This article first appeared in the St. Louis Beacon, June 8, 2011 - Mark Johnson's always been an advocate of civil rights, even if it means confrontation. When Johnson was 20, he injured his neck in a diving accident and became paralyzed. "I use a wheelchair; I have limited functioning of the arms and hands. I basically have paralysis, and it affects the ability to do things. I even have people to assist with daily acts."
Johnson, director of advocacy at The Shepherd Center, a rehabilitation center in Atlanta, doesn't want people to feel sorry for him; he wants people to stand up for their rights. Back in the early 1980s, there wasn't a lot of legislation benefiting disabled people. Johnson and a number of others created a network called ADAPT to help advocate the rights of those in need. Their first fight was to challenge Denver's Regional Transportation bus system, which didn't accommodate wheelchair users. The battle lasted seven years.
"We'd disrupt conferences and legislatures to pay attention to this issue," Johnson said.
The group was one of those that pushed for and won passage of the Americans with Disabilities Act in 1990. Since then Johnson's advocacy has been shifted toward the allocating of Medicare funding. Medicare funding has traditionally been saved for the elderly and disabled, but Johnson says that the money used to help those in need are ending up in the wrong hands and should go more to in-home care.
Johnson will be speaking as a part of the Max Starkloff Speaker's series, at 5:30 p.m. Monday at the Missouri History Museum. His speech entitled, "Take it Personally," delves more deeply into the issue and struggle of ADAPT trying to change the countries' laws. "I'll be a supplement to 'Americans with Disabilities Act - Twenty Years Later' exhibit at Mallinckrodt Gallery. I'll talk about what people have taught me and how that makes a difference," Johnson said.
Johnson's speech will focus on the idea of living in a time of fundamental restructuring, with China on the rise, interdependent economies and the increasing role of technology. His speech will add insight into what being disabled has taught him and into living as an aging baby boomer.
Current issues include finding the right health insurance and home structure for people with disabilities. Johnson says that as people live longer, they are acquiring disabilities. What happens if a home or workplace lacks adequate design or equipment? Johnson says that it's part of the nature of our culture to sometimes forget that people are still in need. He talked with the Beacon about his work the Shepherd Center and his battle for disabled citizens' rights.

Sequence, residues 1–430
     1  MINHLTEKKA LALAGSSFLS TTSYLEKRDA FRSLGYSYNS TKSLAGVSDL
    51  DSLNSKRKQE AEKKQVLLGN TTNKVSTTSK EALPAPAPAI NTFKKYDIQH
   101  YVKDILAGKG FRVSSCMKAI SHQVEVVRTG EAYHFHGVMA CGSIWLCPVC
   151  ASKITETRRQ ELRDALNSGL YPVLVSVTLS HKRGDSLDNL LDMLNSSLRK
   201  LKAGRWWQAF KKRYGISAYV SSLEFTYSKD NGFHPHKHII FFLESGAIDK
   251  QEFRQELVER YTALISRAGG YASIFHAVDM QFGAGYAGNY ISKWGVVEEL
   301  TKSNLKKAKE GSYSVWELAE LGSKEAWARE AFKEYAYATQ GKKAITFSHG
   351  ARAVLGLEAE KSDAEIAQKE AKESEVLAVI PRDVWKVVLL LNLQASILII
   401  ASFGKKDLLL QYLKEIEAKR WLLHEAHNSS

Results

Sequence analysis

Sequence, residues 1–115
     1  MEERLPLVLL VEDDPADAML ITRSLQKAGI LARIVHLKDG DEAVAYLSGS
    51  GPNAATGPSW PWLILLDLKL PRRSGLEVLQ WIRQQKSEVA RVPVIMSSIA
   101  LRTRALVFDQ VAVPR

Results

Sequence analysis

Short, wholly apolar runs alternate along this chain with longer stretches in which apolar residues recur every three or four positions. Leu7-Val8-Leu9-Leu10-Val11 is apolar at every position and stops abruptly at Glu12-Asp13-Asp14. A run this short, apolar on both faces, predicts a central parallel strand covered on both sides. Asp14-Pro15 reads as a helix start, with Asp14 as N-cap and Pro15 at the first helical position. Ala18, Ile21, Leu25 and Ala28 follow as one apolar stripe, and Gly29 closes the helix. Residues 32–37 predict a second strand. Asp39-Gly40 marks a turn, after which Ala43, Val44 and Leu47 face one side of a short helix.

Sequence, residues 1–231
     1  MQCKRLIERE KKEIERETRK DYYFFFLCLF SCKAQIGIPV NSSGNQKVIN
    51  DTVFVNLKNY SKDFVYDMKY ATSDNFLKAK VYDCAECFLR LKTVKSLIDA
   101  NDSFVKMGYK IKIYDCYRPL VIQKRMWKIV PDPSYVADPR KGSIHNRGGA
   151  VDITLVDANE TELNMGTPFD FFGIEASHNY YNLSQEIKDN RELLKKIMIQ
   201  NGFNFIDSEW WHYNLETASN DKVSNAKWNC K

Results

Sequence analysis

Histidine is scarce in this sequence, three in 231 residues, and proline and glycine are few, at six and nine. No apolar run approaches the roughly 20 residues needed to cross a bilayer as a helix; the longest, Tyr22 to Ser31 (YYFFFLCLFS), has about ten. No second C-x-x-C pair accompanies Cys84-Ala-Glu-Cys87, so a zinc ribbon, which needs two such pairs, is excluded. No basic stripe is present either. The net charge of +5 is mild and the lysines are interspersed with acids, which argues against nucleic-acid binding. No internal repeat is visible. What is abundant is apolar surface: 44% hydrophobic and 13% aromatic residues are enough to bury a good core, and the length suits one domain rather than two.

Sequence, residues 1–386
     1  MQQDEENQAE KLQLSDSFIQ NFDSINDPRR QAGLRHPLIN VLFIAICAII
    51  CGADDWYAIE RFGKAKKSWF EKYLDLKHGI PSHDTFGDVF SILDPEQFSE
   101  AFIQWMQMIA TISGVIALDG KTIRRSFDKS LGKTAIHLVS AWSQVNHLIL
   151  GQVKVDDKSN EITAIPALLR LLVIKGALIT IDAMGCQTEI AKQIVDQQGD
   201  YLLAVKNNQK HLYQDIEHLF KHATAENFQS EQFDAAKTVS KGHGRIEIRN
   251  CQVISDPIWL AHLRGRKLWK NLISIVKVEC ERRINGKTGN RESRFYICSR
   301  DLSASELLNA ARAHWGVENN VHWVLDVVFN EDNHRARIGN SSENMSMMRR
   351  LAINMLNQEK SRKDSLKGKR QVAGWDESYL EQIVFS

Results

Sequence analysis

What exactly do you do as the director of advocacy at The Shepherd Center ?
Johnson: I'll summarize this by saying, I stir and connect. It's a broad range of tactics from working with disabled patients to dealing with officials and groups. I'm currently helping a lot of folks with multiple sclerosis. I'm involved with organizing protests, and whatever it takes to make someone make a phone call. I also teach people how to do things and how things are done.
What are some of the challenges of being the director of The Sheperd Center?
Johnson: There are several challenges, we always have funding issues. The issue of newly injured people, they have rights and power. It seems like we've pitted them into a corner. We used to use the term crippled and feel sorry for disabled people. We have this old image of people with disabilities. I think the whole process will take some time.
In the mid '90s, your group brought a lawsuit against Blue Cross-Blue Shield; can you tell me about the trial?
Johnson: Blue Cross-Blue Shield used to be nonprofit, but converted to for-profit. When they converted, they had assets in the bank. We thought they should be used to serve the undeserved. We sued them and took the money for Georgia Healthcare Foundation; we thought the money needed to be used for the underprivileged. Unfortunately the whole process took about 10 years."
Can you tell me a little about the It's Our Story video project?
Johnson: People with disabilities are starting to help more people. There seems to be a lot more exhibits going up. Officials are building the Center for Human Rights in Atlanta. It's not a charity story, these are real projects. When I got injured, I had everyone wanting to hold me. Someone would only want to take care of me, because that was the attitude of the time. No one would really listen to what I had to say. Some people still resist it. There's a parallel with movements such women getting the right to vote and the civil rights movement.
Besides dealing with these parallels, I noticed that you started the ADA torch relay. Can you tell me about it?
Johnson: Well, it was the 10th anniversary of the ADA, and several of us thought it was important to make disability more visible to people. We really wanted to connect with people. We took the torch (running) through Topeka, Kans. We just want people to pay attention and to engage the community. We're even thinking about doing it again in 2015, for the 25th anniversary.
Ray Carter, a senior at Purdue University, is a Beacon intern.